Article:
This next case study talks about the need to recalibrate your definition of scale. So, if you're rolling out C-Suite selling, you may not be able to be successful with thousands of accounts. You might be looking at a handful of accounts, like 50 accounts or 100 accounts. So that's the first thing to think about.
This is this is Dorothea Gosling. She works for a company called DXC Technology, which was recently created by the merger of CSC with HP Enterprise Services Business. Dorothea was working for CSC when about four years ago she created an account based marketing program, which was quite successful. But she realized with this merger coming up between CSC and HP Enterprise Services, that scaling large account ABM was going to be difficult because the company was going to be in flux for some time. So she pivoted to what she called a “two prong” approach; the first prong involved narrowing her ABM focus to just 200 named accounts. Plus she rolled out something new, which she calls “Pursuit Marketing,” and she reserved this program just for large strategic deals where there was a big opportunity on the table.
This is how she described pursuit marketing but, when I spoke with her, my impression of it was sales and marketing collaborating together to “swarm” the account with very targeted messaging, communications and touch points all designed with the end goal of closing a specific deal. The goal was to close these bigger deals faster with a small number of strategically important accounts and make sure that sales was totally bought in to the effort. She positions Pursuit Marketing as a privilege and not a right, and requires sales to fully engage and share information with the marketing team.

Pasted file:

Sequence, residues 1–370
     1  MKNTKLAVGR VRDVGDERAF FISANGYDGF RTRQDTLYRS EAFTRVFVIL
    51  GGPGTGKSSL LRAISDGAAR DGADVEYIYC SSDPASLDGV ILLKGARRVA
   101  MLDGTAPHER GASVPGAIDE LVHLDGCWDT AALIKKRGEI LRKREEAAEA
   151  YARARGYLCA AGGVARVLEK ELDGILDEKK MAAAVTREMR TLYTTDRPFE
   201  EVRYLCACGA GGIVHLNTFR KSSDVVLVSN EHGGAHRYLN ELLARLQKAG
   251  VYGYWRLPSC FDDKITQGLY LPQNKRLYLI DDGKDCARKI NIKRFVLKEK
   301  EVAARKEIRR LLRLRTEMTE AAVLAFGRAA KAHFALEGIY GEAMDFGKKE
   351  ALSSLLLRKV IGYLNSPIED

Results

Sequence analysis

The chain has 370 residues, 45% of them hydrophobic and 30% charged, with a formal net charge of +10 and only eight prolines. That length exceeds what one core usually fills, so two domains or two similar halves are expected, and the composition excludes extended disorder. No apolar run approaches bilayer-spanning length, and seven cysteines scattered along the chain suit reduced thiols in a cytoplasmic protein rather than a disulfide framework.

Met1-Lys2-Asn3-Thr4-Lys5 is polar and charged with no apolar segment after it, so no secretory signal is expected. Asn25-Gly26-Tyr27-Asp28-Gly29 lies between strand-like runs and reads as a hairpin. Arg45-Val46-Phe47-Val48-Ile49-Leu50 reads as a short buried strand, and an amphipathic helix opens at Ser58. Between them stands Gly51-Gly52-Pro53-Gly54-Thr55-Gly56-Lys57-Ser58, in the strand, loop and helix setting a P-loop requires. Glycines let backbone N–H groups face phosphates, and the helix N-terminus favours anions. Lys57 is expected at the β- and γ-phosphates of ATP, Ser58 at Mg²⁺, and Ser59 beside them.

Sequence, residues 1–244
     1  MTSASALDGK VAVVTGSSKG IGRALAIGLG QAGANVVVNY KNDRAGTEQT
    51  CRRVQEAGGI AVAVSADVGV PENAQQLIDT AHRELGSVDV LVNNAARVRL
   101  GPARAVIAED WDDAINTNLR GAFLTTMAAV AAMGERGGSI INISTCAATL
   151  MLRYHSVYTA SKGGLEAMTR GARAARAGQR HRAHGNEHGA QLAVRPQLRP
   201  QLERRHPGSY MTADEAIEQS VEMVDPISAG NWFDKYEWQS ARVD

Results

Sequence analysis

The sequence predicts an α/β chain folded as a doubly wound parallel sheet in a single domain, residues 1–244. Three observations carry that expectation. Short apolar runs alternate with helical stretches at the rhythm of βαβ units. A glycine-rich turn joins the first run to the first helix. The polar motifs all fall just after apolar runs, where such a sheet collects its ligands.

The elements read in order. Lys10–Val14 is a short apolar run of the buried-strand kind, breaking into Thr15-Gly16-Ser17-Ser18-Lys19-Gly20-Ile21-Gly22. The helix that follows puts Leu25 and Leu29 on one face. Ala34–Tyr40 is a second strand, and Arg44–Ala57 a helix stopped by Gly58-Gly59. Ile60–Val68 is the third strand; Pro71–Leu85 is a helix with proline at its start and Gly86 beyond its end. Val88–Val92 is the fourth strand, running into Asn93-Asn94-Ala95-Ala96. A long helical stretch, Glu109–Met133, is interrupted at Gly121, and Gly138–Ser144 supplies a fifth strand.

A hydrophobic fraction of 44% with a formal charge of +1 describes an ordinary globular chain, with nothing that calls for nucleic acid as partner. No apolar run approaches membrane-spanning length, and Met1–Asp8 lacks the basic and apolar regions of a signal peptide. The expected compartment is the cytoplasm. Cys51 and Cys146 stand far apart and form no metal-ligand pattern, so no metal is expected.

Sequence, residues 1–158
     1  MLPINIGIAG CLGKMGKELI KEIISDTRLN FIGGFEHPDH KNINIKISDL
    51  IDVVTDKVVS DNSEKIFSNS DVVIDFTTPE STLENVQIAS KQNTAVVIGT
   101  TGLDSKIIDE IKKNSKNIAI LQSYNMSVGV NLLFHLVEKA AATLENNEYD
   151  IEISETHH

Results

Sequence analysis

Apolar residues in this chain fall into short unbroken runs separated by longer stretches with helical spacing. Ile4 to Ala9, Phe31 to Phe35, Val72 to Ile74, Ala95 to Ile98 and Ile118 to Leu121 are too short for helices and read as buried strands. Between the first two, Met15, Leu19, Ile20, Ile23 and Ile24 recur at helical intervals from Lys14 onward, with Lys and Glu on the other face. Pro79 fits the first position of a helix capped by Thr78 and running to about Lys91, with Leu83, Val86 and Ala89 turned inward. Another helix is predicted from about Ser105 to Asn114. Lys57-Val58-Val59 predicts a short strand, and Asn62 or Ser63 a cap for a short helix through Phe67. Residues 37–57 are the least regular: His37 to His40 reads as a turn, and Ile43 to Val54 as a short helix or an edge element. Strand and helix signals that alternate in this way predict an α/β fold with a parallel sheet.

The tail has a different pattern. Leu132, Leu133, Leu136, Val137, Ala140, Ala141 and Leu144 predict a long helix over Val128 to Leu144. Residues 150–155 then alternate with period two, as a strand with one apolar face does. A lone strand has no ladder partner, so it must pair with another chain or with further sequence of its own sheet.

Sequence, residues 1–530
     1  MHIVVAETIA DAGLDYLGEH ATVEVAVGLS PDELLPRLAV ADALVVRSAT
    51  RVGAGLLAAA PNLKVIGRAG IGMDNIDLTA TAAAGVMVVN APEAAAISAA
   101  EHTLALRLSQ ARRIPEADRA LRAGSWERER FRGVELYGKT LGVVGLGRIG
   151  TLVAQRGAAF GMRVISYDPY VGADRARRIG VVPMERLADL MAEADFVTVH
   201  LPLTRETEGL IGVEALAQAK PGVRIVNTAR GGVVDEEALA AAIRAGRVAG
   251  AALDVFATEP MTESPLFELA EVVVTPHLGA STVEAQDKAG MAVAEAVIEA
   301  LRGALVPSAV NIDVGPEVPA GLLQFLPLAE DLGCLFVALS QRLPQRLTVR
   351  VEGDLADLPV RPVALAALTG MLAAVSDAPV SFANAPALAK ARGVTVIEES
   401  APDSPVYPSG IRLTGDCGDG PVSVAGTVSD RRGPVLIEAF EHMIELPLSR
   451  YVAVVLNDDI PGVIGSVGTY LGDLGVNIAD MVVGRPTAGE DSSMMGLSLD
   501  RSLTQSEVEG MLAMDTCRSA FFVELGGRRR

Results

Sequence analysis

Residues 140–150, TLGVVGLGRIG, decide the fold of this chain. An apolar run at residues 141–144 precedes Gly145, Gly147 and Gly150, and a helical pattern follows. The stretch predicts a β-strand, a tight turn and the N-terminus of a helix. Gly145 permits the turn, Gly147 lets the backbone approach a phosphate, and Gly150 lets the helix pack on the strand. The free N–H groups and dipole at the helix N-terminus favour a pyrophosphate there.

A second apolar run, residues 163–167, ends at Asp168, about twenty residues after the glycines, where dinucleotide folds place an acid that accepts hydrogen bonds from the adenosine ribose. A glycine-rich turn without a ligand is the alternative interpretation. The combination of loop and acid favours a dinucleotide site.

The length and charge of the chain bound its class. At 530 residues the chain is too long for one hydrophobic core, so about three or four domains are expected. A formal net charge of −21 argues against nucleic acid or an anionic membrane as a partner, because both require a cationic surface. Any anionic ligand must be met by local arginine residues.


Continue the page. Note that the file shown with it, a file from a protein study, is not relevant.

This has been a hugely successful program. Sales has fully bought into it. She was lucky in that she rolled out her first program around Metlife. They closed the Metlife deal and it was a landmark deal that was talked about on an earnings call by CSCs CEO. He said it was a landmark deal for three reasons; the first reason was the sheer size of the deal. It was one of the biggest deals they've closed in five years.
The second reason was it cemented CSCs leadership in the insurance industry vertical; they are very confident that now that they've closed this Metlife deal that more will follow in the [insurance] industry.
And, the third reason, and this is really important, is that the margins of the deal were very attractive. This deal was not the result of an RFP or a competitive “bake-off” that was won on price. It was the result of conversations in the C-Suite around how CSC could help Metlife drive a specific business outcome. Business outcome selling, not product selling. Dorothea's program was critical, because it swarmed the account at all levels--including the C-Suite--with very specific information and messaging.
Now let's talk about why C-Suite selling is so difficult. C-Suite selling is so difficult because the methods required are really the antithesis of where sales has been heading in the past 15 years.
Sales has become more automated. We’re sending more emails and making more phone calls using technology. What I recently heard from one c-level executive is that he ignores all of these automated emails. Secondly, he told me that he doesn't get any phone calls anymore and, when somebody does call him, they typically have not done their homework on who he is, what he's responsible for, and what his current initiatives are.